State transportation officials heeded public comment they received 10 months ago and shortened a proposed project to widen a section to U.S. Highway 377 (Main Street) in Brownwood to accommodate a center left-turn lane.

Speaking at a public meeting Tuesday night at Texas State Technical College, Jason Scantling, director of transportation the Texas Department of Transportation’s  Brownwood district, said the proposed project now consists of widening Main Street from the Austin Avenue intersection to the Truman Harlow Overpass. TxDOT is also proposing to add right-turn lanes from Austin onto Main Street. The purpose of the proposed project is to reduce collisions — particularly rear-end collisions — and improve traffic throw, Scantling said. The cost is projected at $1.5 million to $4 million, with letting of bids  in January 2022 if TxDOT does the project.

The original proposal was to widen Main Street from Baker Street to the Wesley Street, near the base of the overpass.

According to the current proposal, TxDOT would require right-of-way that would pass across the porch of a home on Main Street, so the porch would need to be removed. The right-of-way would pass close to the front of another home, and the owner of that home may choose to have the home moved back 10 feet at TxDOT’s expense. TxDOT has been negotiating with those property owners, Scantling said.

Last July, TxDOT officials hosted a public meeting on the proposed project when the proposal was to widen the street from Baker Street to the overpass. But several citizens who spoke against the proposal, saying at a public meeting held by Texas Department of Transportation officials at Texas State Technical College believe it’s a bad idea, saying it would encroach on churches that are already dangerously close to the street. That particularly puts children in danger by being so close to the street, several citizens said.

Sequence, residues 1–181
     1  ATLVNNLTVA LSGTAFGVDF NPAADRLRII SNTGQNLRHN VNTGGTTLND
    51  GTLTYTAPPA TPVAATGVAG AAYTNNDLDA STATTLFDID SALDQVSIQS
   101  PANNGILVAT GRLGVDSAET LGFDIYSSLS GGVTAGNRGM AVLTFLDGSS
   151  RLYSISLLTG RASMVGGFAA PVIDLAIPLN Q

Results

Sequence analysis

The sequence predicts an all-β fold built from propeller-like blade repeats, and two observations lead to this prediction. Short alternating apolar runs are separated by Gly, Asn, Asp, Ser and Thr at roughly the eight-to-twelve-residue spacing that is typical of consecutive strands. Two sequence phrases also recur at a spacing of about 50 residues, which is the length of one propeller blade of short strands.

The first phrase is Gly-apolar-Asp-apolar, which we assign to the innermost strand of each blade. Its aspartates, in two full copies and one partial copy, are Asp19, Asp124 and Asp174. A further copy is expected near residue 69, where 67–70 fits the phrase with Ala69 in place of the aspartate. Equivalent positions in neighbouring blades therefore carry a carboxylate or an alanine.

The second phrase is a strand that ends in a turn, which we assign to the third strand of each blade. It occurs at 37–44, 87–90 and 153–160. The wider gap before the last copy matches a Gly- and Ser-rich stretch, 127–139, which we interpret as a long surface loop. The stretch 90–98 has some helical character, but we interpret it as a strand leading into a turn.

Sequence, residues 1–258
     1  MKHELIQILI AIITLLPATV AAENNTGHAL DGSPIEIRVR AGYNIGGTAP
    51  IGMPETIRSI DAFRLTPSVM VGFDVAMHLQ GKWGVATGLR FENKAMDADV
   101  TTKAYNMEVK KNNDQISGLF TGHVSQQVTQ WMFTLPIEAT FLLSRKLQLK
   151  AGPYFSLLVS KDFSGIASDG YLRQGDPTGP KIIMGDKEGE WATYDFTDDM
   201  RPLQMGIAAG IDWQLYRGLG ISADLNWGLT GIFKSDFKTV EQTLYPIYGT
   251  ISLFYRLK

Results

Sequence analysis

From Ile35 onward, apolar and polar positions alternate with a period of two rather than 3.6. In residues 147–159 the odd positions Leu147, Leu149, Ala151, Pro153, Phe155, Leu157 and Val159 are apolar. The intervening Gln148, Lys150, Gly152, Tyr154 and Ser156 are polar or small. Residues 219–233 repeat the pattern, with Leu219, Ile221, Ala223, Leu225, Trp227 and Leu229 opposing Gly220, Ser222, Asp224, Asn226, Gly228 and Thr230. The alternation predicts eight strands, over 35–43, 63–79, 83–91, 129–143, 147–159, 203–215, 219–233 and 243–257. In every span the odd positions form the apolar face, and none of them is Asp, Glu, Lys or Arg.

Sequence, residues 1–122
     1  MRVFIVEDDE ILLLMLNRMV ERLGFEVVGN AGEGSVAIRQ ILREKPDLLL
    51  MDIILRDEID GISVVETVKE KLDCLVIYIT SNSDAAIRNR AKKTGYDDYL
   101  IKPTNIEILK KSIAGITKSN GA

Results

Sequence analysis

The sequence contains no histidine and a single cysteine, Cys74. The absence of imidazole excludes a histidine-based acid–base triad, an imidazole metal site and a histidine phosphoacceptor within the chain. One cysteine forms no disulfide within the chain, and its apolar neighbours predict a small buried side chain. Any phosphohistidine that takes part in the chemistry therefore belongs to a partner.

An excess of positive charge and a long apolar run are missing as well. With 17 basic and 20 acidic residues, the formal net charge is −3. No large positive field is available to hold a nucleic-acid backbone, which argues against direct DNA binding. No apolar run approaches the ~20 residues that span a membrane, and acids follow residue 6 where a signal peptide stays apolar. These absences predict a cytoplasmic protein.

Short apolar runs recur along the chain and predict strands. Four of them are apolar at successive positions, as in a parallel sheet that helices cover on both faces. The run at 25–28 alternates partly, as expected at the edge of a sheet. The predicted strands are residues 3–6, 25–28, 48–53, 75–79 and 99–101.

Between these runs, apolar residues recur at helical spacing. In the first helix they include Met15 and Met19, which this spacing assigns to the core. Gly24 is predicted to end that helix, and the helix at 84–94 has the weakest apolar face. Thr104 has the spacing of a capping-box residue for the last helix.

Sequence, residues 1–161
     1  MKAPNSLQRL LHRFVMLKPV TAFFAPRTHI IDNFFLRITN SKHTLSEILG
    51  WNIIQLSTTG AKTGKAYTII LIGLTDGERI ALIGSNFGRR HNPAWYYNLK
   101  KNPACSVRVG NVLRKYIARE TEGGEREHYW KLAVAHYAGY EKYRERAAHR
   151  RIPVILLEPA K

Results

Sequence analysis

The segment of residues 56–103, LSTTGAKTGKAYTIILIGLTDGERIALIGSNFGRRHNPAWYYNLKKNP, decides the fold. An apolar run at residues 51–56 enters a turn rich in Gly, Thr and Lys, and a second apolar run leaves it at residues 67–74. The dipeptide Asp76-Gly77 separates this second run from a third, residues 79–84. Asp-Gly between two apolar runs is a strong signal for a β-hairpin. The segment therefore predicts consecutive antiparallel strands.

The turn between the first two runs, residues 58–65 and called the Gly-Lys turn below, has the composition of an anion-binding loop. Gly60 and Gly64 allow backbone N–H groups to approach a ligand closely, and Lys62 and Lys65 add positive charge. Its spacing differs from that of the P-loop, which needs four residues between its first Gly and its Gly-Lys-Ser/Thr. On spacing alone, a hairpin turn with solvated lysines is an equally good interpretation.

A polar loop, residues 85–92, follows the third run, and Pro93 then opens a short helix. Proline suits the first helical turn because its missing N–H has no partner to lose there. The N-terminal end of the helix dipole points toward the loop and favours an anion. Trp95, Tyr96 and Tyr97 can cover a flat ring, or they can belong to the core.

About 100 attended that meeting.

Tuesday night’s crowd was much smaller and less vocal.

“Based on that public feedback we got, we shortened the scope of the project,” Scantling said. “Public comments that we get from you guys (Tuesday night) are very, very important to use. They drive these projects, whether they move forward or other they’re terminated. We want to do what the public wants.”

Scantling also said there had been concern at the July meeting about the impact the project would have on historic structures. Scantling introduced TxDOT historian Rebecca DeBrasco, who said the National Historic Preservation Act requires TxDOT to identify historic properties within the project. 

Two historic structures are within the project as it is currently proposed — St. Mary’s Catholic Church and the residence at 1002 Main, which is owned by Howard Payne University, DeBrasco said. As the project is currently proposed, TxDOT would take a small portion of the church’s sidewalk and parking, she said. 

The impact to businesses will be “minimal,” DeBrasco said.